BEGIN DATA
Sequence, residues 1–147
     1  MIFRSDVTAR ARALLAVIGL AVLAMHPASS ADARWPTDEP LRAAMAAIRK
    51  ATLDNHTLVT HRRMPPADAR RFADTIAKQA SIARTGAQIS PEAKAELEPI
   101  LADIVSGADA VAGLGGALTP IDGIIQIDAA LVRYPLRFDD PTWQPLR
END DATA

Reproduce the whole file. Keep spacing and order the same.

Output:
Sequence, residues 1–147
     1  MIFRSDVTAR ARALLAVIGL AVLAMHPASS ADARWPTDEP LRAAMAAIRK
    51  ATLDNHTLVT HRRMPPADAR RFADTIAKQA SIARTGAQIS PEAKAELEPI
   101  LADIVSGADA VAGLGGALTP IDGIIQIDAA LVRYPLRFDD PTWQPLR